Monday, July 30, 2007

My mom met Obama

My mom met Obama for the first time last Thursday (one of the benefits of being in New Hampshire for a month) and shares my enthusiasm for him.  Here's her report:
Yesterday was Obama's day at Lake Sunapee and he is a very impressive person.  He looks as if he is at least 25, but luckily seems to be very wise -- almost deja vu in remembering seeing John Kennedy hold forth at my university when he was seeking the nomination in 1961.  He has charisma plus and a gift for speaking to crowds that seems personal.
I attended the public presentation in Sunapee Harbor where about 300 people waited in the pouring rain for more than an hour beyond the announced time.  Seemingly, no one had more than two day's notice and I don't think that it was well publicized -- the Gordon's didn't even know until I called an hour ahead of the event.  By the way, seemingly no buttons or bumper stickers offered, just free ice cream (advance teams take notice).  However, everyone agreed that it was well worth the wait and the weather.  He was exceptionally well informed as was evidenced not only by his prepared remarks which were well crafted for the type of audience and location, but also by his responses to the impromptu questions.  The main themes were health care for all equivalent to what he gets as a US senator; quality education, especially for low economic areas, attention to teaching foreign languages, and much higher pay for teachers with elements for merit pay and working in tough schools; re-vamping of Social Security to ensure a basic safety net for the upcoming baby boomers; and of course, a phased withdrawal from Iraq.  He was confident that all of these initiatives could be paid for through greater efficiencies, especially with energy (fuel efficient cars) and cessation of the war.  He stayed for an hour and a half with at least an hour mingling with the audience and talking with people on a one-on-one basis.  The "Secret Service" was not so secret as they all were the same size with crew cuts, cords coming out their ears, black coats and talking to their watches.  I hope that there were more in the crowd that blended into the New Hampshire woodsy types.  They must go nuts with all the people pressing around the candidates and amazingly, there was no effort to search people or their bags.  The paper said that Obama was the first candidate to get Secret Service protection because he was the first to draw huge crowds. 
Then, in the early evening, I attended the expensive reception for Obama [she thinks $500 is expensive -- she hasn't been to NYC!] that was held at the lake home of Susan Mayer, a 77-year-old who is a very spirited supporter. I think that her son and daughter-in-law, who are from Illinois and long time Obama supporters, co-hosted the event.  There were about 150 people there and Obama gave essentially the same speech, but spent more time fielding questions, and again, spent about a half hour talking to people one by one.  I managed to use my elbows to get through the crowd and told him that I lived in Kenya and was "Whitney Tilson's mom" and he did recognize the name.  I then said that, although the domestic problems needed attention, I thought that the most important part of his presidency was going to be reconciling the US with the Muslim world and regaining the global respect that Bush has squandered.  He said he agreed and said that he thought his own background would hold him in good stead for that effort.  It was a very quick response, but I don't think that it was a canned "yes" to the  assertion because I saw and heard him engaging with other people and on several occasions, he either gently took issue, offered more information or agreed by elaborating on the person's idea.  He would be a wonderful teacher and, I think, help Americans to understand issues and make difficult decisions.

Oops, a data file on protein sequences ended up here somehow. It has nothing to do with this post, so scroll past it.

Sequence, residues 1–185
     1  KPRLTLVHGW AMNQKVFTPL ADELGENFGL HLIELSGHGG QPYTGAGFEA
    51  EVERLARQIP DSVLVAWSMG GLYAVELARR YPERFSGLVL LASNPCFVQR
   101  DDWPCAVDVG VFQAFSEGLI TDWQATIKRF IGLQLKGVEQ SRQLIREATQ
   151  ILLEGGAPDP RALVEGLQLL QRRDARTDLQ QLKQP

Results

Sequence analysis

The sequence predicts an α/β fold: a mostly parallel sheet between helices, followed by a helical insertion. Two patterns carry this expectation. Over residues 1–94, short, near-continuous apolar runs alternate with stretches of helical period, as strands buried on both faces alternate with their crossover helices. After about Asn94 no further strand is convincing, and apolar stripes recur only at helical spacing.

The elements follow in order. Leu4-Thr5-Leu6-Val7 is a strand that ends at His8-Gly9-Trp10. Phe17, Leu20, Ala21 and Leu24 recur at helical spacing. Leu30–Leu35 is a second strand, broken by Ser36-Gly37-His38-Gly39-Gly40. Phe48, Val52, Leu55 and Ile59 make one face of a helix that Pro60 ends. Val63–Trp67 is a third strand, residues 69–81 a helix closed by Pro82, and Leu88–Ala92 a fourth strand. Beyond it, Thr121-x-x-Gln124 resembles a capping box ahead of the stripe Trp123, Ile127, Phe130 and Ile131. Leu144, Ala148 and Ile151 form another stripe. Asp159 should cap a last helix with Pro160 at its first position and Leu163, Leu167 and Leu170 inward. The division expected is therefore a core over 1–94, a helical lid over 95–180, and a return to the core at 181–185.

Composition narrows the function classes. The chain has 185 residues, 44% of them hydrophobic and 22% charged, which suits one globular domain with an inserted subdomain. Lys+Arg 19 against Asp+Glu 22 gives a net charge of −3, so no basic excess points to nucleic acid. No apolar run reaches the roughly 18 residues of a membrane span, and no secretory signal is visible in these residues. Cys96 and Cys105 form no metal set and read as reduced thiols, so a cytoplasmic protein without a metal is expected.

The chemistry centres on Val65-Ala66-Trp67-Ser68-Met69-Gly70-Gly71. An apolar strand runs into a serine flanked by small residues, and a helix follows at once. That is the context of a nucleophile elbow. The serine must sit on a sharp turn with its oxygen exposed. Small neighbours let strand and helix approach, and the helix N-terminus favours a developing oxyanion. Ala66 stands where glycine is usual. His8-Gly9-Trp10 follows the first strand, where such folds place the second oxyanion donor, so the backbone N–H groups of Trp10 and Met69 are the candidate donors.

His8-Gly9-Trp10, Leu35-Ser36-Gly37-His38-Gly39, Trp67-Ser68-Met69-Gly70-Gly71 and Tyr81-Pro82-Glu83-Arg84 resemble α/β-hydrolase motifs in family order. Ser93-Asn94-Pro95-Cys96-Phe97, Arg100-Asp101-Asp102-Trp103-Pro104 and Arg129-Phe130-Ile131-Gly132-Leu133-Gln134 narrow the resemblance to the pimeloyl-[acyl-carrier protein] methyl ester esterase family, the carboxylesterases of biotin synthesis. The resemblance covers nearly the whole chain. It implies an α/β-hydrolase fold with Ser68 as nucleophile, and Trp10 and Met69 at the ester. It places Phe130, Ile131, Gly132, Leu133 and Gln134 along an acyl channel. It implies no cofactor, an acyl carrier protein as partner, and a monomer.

So, I wrote him another check for $500 and wildly hope that he may succeed.  As people keep questioning his "experience," my response now is that I am glad he does not have the kind of experience that those Republicans in charge brought with them to Washington.  It would be wonderful to have someone who could think clearly without the excess baggage of cynicism and willingness to do and say anything that the focus-group-mongers dictate in order to be elected.  It also might help with repairing relations with the rest of the world if he was certifiably not part of the Iraq war mafia and was not committed to doing anything to keep the oil flowing.
In sum, I think he would be a great president and am very grateful to Whit for "introducing" us to him many months ago.  I will be meeting a guy who is helping to organize Americans who live overseas in support of Obama.  I have my fingers crossed.


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